The conditioning of ethanol's (EtOH) reinforcing effects with environmental stimuli is a major factor in the abuse potential of this drug. EtOH-related stimuli elicit strong EtOH seeking in animal models of relapse and these models are widely employed to study the neurobiological basis of EtOH craving and relapse. However, behavioral and neurobiological information on conditioning factors in EtOH seeking from animal models is limited largely to that from EtOH nondependent subjects. In alcoholics, a significant positive correlation exists between the history of dependence and the severity of cue-induced EtOH craving. EtOH consumption during withdrawal modifies subjects'EtOH reinforcement history to include learning about amelioration or avoidance of adverse withdrawal states as a novel and essential aspect of EtOH's reinforcing actions, rendering the drug a qualitatively different, more potent reinforcer. Thus, understanding the control of behavior by stimuli conditioned to EtOH under conditions that encompass the reinforcing dimension of this drug that emerges with the experience of withdrawal states will be essential for advancing the understanding and treatment EtOH addiction. Preliminary data that stimuli conditioned to EtOH reinforcement during withdrawal elicit significant reinstatement confirm the need for this understanding. The purpose of this exploratory and developmental project is to investigate the significance of withdrawal-related conditioning in EtOH seeking and to gain understanding of the neurocircuitry regulating this behavior implementing novel methodology. Behavioral hypotheses to be tested are (a) that withdrawal-related conditioning """"""""overrides"""""""" the control of EtOH seeking by cues conditioned to EtOH earlier in the nondependent state, (b) that, compared to cues conditioned to EtOH in the nondependent state, stimuli conditioned to EtOH reinforcement during withdrawal produce greater EtOH seeking following a stress challenge, and (c) greater resistance to conditioned suppression of EtOH seeking. Parallel studies will establish neural activation patterns associated with EtOH seeking in rats with and without histories of withdrawal-related learning using quantitative Fos immunohistochemistry. These studies are guided by the hypothesis that cues conditioned to EtOH during withdrawal produce a different pattern of neural activation, with a stronger engagement of stress-regulatory regions, compared to cues conditioned to EtOH in the nondependent state. Finally, to confirm a role of brain regions in EtOH seeking linked to withdrawal-related conditioning, Daun 02 pharmacogenetic inactivation in cfos-lacZ transgenic rats will be employed to selectively lesion neuronal ensembles in these sites. These developmental studies will test the hypothesis that neuronal ensembles can be identified within brain reward and stress circuitry that preferentially mediate the effects of stimuli conditioned to EtOH reinforcement during withdrawal. This research will provide the groundwork for future in-depth investigations of the significance of withdrawal-related conditioning in the abuse potential of EtOH to advance understanding of the neurobiology and of treatment strategies for alcoholism.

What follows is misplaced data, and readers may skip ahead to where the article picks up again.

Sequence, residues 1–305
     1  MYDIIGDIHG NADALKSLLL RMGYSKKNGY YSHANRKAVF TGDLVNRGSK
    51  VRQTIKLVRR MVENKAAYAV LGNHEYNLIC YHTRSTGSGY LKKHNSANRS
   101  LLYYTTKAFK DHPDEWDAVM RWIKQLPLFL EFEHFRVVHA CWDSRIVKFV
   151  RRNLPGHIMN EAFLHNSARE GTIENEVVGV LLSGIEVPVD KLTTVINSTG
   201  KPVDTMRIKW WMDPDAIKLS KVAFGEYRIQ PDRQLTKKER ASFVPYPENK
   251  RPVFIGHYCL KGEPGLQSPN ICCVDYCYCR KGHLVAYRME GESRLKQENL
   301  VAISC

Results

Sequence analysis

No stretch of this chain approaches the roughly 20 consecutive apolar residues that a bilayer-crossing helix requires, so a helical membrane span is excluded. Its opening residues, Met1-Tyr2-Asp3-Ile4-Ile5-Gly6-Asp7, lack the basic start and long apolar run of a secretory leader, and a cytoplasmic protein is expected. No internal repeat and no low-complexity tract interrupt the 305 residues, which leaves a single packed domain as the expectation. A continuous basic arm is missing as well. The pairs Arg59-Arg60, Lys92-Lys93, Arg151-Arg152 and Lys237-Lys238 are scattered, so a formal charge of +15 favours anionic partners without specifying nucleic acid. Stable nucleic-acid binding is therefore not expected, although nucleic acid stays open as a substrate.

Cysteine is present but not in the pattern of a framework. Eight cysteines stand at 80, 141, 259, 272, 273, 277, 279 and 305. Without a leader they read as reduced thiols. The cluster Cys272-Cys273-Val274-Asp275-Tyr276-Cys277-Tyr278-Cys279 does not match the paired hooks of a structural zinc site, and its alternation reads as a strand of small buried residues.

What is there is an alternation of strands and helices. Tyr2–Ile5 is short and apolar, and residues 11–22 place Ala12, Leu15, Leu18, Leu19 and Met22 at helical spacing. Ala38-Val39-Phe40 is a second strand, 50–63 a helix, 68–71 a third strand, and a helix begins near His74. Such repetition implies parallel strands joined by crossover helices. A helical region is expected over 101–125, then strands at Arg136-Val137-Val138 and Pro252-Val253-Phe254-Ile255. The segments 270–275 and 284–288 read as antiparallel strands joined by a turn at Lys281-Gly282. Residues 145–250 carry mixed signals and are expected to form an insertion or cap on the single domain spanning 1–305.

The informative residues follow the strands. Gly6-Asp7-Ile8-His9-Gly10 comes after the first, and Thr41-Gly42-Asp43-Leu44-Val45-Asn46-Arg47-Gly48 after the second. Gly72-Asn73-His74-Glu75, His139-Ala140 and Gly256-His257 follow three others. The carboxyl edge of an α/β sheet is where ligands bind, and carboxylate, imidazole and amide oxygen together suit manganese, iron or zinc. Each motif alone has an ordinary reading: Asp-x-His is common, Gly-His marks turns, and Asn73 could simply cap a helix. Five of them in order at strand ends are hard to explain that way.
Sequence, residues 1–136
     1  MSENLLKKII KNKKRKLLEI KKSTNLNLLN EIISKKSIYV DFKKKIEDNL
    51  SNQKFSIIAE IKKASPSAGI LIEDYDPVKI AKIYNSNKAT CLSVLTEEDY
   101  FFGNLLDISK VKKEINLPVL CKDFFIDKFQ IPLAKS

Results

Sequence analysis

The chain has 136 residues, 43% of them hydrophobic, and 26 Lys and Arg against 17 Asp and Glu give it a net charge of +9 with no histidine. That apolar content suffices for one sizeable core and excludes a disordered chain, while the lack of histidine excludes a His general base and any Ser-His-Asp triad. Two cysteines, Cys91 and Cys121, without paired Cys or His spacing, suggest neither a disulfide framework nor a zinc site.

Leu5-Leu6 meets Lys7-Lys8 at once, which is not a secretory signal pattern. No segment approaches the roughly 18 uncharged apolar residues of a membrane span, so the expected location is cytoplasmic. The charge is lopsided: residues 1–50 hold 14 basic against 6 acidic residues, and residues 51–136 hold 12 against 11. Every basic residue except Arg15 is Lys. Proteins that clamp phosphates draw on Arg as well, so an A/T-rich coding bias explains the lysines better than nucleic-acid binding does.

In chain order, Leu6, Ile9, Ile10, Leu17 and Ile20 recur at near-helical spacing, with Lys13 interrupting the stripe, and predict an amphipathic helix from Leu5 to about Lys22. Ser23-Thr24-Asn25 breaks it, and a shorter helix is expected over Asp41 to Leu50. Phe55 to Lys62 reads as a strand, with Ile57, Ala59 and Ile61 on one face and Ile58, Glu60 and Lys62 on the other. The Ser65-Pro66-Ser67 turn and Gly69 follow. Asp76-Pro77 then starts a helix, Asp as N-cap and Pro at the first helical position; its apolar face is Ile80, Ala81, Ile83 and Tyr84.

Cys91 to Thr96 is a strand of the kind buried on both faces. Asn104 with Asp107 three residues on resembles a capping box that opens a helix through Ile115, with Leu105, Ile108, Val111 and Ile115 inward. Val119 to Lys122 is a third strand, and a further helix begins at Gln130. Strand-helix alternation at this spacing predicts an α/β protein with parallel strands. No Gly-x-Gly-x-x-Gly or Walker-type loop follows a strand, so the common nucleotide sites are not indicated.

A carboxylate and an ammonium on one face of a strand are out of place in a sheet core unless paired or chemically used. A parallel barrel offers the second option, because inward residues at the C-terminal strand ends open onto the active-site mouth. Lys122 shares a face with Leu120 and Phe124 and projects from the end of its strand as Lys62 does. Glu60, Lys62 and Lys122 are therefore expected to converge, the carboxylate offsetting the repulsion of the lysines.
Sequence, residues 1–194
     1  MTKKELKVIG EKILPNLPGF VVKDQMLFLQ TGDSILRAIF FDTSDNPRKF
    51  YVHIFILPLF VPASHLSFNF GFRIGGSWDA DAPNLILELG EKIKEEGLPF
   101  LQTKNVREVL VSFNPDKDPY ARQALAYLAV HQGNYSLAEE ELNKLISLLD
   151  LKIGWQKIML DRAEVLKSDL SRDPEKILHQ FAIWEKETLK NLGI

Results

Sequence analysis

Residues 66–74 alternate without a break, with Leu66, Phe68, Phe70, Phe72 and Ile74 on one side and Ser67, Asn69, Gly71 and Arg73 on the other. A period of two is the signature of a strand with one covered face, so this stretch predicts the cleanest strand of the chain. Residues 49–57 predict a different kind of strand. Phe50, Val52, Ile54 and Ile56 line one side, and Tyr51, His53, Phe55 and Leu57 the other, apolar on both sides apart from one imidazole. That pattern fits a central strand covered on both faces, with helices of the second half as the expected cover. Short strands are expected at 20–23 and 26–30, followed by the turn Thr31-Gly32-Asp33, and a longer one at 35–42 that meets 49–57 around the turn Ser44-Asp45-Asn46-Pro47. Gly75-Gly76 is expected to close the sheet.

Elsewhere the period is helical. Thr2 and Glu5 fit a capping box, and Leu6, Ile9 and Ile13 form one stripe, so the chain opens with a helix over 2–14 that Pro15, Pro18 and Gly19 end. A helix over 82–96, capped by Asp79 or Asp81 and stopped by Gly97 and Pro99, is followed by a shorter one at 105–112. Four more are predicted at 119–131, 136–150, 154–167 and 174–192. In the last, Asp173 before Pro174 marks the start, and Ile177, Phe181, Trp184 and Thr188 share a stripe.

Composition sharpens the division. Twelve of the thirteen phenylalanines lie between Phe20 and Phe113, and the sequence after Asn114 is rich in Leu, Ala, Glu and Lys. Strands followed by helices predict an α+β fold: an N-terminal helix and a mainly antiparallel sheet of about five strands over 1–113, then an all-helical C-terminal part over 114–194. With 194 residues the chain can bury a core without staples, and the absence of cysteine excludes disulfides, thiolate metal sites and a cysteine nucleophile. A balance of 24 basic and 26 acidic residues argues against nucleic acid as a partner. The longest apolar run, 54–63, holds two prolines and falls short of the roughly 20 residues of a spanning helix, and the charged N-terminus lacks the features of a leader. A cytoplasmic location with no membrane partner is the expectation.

This proposal addresses the need for better understanding of the neurobehavioral basis of the compulsive and chronically relapsing nature of alcohol addiction. Neurobiological and medications development information from animal models of relapse to alcohol abuse is limited largely to studies in alcohol nondependent animals. To advance the understanding of alcohol addiction and improve treatment strategies, the proposed studies will investigate alcohol seeking induced by stimuli conditioned to the potent reinforcing dimensions of this drug that emerge with the experience of amelioration of withdrawal distress by EtOH consumption as well as the neurobiological basis of this behavior.
|Suto, Nobuyoshi; Laque, Amanda; De Ness, Genna L et al. (2016) Distinct memory engrams in the infralimbic cortex of rats control opposing environmental actions on a learned behavior. Elife 5:|